Diffuse glioblastoma resembling acute hemorrhagic leukoencephalitis
Case Report

Diffuse glioblastoma resembling acute hemorrhagic leukoencephalitis

Carla Schettino1,2,3, Ferdinando Caranci4, Giacomo Lus2,3, Elisabetta Signoriello2,3, Marica Eoli1, Elena Anghileri1, Bianca Pollo1, Mariarosa A. B. Melone2,3, Giuseppe Di Iorio2,3, Gaetano Finocchiaro1, Lorenzo Ugga5, Enrico Tedeschi5

1Unit of Molecular Neuro-Oncology, Fondazione I.R.C.C.S. Istituto Neurologico “C. Besta”, Milan, Italy; 2Division of Neurology, Department of Clinical and Experimental Medicine and Surgery, 3Centro Interuniversitario per la Ricerca in Neuroscienze (CIRN), University of Campania “Luigi Vanvitelli”, Naples, Italy; 4Department of Medicine and Health Sciences ‘‘V. Tiberio’’, University of Molise, Campobasso, Italy; 5Unit of Neuroradiology, Department of Advanced Biomedical Sciences, “Federico II” University, Naples, Italy

Correspondence to: Ferdinando Caranci. Department of Medicine and Health Sciences ‘‘V. Tiberio’’, University of Molise, via F. De Sanctis 1, 86100 Campobasso, Italy. Email: ferdinando.caranci@unimol.it.

Abstract: We report the case of a young man with sudden onset of diplopia after an upper respiratory tract infection. Based on the first radiological findings acute hemorrhagic leukoencephalitis, a variant of acute disseminated encephalomyelitis, was suspected and treatment with high dose intravenous dexamethasone was started but it was stopped for intolerance. The patient clinically worsened, developing gait instability, ataxia and ophthalmoplegia; brain MRI performed 20 days later showed severe progression of the disease with subependymal dissemination. After brain biopsy of the right temporal lesion the histological diagnosis was glioblastoma. These findings suggest that MRI features of acute hemorrhagic leukoencephalitis may dissimulate the diagnosis of diffuse glioma/glioblastoma. This case underscores the importance of considering diffuse glioma in the differential diagnosis of atypical signs and symptoms of acute hemorrhagic leukoencephalitis and underlines the relevant role of integrating neuroradiologic findings with neuropathology.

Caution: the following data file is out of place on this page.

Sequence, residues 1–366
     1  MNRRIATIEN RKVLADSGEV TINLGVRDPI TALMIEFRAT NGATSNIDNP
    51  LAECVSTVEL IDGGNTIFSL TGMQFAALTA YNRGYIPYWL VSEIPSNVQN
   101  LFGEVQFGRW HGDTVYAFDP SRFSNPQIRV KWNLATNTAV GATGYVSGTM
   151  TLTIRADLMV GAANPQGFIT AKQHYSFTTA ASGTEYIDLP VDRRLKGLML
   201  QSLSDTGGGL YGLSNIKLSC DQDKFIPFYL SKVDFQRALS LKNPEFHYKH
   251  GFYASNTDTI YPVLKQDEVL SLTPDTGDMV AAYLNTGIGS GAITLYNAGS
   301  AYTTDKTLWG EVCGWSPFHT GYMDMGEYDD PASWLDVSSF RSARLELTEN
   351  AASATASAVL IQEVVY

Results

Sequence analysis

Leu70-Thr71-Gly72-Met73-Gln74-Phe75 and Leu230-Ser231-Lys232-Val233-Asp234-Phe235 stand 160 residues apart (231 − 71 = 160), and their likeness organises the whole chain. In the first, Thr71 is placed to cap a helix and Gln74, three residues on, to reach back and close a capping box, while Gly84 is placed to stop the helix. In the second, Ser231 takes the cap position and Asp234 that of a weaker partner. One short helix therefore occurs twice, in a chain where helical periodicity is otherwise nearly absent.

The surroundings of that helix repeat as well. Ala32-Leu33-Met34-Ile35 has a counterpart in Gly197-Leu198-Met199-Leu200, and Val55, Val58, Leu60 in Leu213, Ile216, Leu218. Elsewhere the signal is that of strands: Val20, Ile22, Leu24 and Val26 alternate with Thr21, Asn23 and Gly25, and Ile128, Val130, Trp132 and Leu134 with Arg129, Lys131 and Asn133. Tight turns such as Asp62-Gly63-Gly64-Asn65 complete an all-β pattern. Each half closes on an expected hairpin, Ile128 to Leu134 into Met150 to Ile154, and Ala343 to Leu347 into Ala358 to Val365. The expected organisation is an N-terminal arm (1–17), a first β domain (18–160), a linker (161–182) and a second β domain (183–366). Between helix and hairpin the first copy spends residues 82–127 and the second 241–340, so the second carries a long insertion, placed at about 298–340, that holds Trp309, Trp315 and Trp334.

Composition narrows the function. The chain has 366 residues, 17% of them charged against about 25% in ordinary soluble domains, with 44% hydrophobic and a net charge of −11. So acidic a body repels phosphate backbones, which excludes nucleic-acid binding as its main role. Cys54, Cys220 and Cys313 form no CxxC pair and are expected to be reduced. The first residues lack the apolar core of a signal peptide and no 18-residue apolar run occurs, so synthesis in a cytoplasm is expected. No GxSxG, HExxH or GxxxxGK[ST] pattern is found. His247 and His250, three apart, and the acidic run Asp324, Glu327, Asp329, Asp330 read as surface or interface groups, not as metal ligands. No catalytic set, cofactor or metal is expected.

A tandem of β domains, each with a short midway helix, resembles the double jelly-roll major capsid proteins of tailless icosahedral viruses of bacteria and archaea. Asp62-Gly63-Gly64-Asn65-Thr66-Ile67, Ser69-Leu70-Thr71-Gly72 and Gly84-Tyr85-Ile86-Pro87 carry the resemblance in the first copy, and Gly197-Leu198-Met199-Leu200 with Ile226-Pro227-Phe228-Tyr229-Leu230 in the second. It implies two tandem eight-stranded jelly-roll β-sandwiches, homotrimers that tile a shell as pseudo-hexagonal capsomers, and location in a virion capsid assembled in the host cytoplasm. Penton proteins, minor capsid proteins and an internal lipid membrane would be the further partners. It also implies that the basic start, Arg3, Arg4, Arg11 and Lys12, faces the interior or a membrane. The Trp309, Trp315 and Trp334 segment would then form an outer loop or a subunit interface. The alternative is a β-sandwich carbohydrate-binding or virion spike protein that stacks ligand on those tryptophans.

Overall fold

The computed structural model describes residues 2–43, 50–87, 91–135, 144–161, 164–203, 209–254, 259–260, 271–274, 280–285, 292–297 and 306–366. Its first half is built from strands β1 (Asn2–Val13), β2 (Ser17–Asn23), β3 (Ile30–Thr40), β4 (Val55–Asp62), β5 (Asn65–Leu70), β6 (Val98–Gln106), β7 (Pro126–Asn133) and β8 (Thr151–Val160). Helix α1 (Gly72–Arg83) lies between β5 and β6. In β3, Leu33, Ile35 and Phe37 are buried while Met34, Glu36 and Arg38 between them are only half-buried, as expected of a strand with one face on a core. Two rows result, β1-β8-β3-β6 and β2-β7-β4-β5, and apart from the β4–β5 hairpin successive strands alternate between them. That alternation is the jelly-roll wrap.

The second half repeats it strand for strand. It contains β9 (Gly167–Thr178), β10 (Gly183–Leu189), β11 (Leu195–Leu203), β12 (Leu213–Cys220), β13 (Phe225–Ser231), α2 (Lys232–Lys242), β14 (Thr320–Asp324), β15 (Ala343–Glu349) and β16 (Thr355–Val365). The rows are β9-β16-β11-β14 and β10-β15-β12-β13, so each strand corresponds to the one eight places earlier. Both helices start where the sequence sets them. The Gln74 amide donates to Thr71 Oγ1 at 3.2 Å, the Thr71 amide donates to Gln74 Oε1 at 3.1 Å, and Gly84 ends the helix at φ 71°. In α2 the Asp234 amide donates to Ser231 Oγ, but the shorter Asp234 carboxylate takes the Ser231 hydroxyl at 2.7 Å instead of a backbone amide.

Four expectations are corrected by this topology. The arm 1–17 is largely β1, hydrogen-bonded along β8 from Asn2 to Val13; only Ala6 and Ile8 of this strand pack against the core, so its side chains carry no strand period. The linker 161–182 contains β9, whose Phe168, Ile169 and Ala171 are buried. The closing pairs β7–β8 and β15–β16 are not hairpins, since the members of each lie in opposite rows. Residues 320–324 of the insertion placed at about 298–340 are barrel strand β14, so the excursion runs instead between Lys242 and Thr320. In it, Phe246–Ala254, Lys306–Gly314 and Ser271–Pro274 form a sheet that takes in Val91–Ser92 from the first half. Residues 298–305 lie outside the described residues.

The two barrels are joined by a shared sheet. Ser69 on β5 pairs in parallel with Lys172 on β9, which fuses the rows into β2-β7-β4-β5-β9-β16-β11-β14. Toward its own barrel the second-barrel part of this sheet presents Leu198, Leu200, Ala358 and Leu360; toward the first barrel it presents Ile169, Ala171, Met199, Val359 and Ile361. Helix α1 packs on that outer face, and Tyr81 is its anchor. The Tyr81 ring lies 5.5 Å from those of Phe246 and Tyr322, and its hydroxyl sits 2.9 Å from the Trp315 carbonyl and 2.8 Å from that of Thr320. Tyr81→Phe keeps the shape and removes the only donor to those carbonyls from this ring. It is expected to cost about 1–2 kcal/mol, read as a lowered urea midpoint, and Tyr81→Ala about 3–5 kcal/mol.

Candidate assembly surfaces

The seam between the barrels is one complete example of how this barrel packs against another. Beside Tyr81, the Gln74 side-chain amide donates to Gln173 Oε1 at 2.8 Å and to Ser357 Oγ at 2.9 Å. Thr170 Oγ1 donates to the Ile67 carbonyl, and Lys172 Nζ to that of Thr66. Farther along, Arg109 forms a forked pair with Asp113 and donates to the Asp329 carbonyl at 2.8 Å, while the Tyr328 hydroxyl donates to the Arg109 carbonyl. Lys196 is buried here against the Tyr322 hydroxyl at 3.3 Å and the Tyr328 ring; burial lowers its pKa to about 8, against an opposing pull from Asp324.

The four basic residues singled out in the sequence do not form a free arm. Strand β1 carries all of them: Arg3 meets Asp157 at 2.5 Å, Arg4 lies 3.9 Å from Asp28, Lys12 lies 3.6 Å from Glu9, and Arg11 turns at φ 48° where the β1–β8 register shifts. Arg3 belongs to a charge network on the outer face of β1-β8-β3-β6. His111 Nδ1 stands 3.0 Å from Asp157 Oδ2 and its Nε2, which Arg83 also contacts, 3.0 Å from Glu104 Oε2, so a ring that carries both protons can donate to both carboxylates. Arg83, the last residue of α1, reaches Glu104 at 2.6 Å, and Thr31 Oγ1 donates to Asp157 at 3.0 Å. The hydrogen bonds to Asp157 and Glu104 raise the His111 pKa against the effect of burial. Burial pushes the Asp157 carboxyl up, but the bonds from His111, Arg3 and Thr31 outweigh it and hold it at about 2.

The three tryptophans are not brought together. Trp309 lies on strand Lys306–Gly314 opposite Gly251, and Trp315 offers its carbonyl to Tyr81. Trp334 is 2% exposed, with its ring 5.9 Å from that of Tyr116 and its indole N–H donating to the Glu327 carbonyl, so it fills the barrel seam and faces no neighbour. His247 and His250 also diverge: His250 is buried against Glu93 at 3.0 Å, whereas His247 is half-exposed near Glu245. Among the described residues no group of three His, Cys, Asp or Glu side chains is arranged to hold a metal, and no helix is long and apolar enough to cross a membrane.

Keywords: Acute disseminated encephalomyelitis; acute hemorrhagic encephalitis; diffuse glioma; neuro-oncology

Submitted May 12, 2017. Accepted for publication Jun 20, 2017.

doi: 10.21037/qims.2017.06.09


The term “diffuse glioma” is currently used to describe as a special neoplastic pattern indicating a widespread brain invasion involving three or more cerebral lobes, frequent bilateral growth and possible extension to infratentorial structures, common to different glioma subtypes The term “gliomatosis”, formerly used in these cases, has been recently dismissed in the 2016 WHO classification (1,2). Here, we discuss the presentation and diagnosis of a diffuse glioblastoma in a young male who was initially suspected of having acute hemorrhagic leukoencephalitis (AHLE), a variant of acute disseminated encephalomyelitis (ADEM), and highlight the need of a synergic radiological and histological work-up to reach a correct diagnosis.

Case presentation